Lucy has a degree in graphic and web design from Alexandria Technical College in Alexandria, MN. In addition to being an experienced designer for traditional media, Lucy has been designing and developing websites since joining BLÜ and continually educates herself with new trends and techniques in the worlds of print and web design.

WordPress Security Tips

10 Tips To Keep Your WordPress Site As Secure As Possible

Did you know that about 30,000 sites are hacked a day? On average, a website is hacked every 5 seconds.

Keep in mind – there is no such thing as 100% safe and secure. However, the more locked doors and walls put in place on your site, the harder it is to get into.

In light of the recently leaked “Panama Papers” from the Panamanian Law Firm called Mossack Fonseca, I thought it would be a good idea to go over 10 simple ways to keep your WordPress website as secure as possible.

  1. Keep Files Up-To-Date. Did you know that 83% of websites that get hacked are because they’re not up-to-date? Now that you know, keeping WordPress, themes, and plugins updated with new bug fixes, security updates, and performance tweaks should be a no brainer. When theme and plugin authors release a new update you should update your website as soon as possible. By doing this, the chance that your site could be hacked is reduced, and it also fixes any issues that plugin or theme could have had. The WordPress Core updates are no different – get those put in place ASAP (it’s even easier since there’s an auto-update feature).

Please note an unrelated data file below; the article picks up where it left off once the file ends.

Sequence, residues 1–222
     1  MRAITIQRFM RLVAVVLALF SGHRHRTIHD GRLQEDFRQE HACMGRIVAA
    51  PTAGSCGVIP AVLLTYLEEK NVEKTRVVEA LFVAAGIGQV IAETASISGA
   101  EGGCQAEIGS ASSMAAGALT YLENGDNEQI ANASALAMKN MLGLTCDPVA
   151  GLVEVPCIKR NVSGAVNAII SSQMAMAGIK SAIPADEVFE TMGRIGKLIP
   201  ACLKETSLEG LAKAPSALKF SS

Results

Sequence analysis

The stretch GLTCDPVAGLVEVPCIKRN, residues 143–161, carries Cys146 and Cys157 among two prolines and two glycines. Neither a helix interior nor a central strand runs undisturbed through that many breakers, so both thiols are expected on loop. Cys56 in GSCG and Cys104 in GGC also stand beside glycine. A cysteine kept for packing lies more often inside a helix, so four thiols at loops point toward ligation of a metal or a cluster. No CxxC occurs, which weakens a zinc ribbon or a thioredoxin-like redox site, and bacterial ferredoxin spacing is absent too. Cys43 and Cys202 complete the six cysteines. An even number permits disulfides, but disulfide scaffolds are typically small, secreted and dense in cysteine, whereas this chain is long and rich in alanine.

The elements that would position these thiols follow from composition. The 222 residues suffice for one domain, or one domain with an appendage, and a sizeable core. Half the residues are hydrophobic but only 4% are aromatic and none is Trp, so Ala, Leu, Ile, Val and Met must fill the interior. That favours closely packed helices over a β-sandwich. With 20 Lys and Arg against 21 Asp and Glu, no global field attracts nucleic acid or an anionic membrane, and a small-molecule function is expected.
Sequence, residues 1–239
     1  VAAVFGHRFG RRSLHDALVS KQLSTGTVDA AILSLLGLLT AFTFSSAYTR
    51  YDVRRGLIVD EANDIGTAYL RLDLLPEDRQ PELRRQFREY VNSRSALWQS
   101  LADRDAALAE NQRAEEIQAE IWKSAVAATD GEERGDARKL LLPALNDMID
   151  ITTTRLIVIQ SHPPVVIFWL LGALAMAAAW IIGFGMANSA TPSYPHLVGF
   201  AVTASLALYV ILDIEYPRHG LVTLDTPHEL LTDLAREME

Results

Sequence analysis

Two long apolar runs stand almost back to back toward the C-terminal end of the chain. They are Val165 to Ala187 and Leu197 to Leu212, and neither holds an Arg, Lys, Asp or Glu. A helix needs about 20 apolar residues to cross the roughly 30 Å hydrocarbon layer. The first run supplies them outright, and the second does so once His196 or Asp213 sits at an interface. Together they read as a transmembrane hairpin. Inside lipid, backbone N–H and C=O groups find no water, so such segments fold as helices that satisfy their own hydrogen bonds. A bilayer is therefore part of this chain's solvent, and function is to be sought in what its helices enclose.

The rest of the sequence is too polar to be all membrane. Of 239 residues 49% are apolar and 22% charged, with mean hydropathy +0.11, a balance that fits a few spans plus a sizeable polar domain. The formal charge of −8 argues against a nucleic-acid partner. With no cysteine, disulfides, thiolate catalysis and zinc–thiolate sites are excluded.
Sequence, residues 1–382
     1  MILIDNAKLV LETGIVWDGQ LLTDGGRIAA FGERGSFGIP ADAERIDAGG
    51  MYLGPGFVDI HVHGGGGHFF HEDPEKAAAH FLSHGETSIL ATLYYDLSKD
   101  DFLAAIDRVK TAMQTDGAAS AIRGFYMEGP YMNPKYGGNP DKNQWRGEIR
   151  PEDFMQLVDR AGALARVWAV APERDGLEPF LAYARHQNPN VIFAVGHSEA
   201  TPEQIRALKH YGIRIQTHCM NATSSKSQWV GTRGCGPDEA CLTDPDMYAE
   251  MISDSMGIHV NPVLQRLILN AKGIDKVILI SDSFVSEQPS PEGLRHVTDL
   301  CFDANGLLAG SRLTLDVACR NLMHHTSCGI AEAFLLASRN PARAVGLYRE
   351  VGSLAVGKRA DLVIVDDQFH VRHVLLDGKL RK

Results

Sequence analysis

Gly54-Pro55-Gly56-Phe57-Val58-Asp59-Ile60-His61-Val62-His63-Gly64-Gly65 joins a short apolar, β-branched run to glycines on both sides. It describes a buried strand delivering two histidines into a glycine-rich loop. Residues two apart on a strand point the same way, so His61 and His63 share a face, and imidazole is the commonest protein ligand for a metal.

2. Don’t Use Admin for a Username. Using the default admin account is a very common mistake to make in security. What login do you think a hacker will use first when trying to get into your site? Get creative and use a unique username for your login. If you are already using “admin” as an account, simply make a new account with a unique username and assign admin rights to that user before deleting the old admin user account. When you delete the old admin account make sure to assign any posts from that account to the new admin account.
  3. Use Strong and Unique Passwords. Just like your online accounts for banking, e-mail, and social media use strong passwords, your website should too. Why? Your website is the online home base of your brand – protect it. You can use online secure password generators like this one or this one. To see the top 25 most used passwords in 2015, click here.
  4. Backup Often. Make sure either you or your website host backup your site files and database often. You’ll need those backed-up files and data if your site is hacked to restore it to its former (pre-attack) glory. It’s also a good idea to have those backups stored offsite and if possible not on the same server as your website files, as they might get infected too. This tip is more for being prepared in case of a security breach than it is for up front security. Learn more about this by checking with your website host.
  5. Add Security Plugins. There are several WordPress security plugins out there, but the one that we love and use at BLU on all of our WordPress sites is Wordfence (http://wordpress.org/plugins/wordfence/). Don’t install more than one security plugin as they might have compatibility issues or overlapping functionality. Here is a list of security plugins to choose from: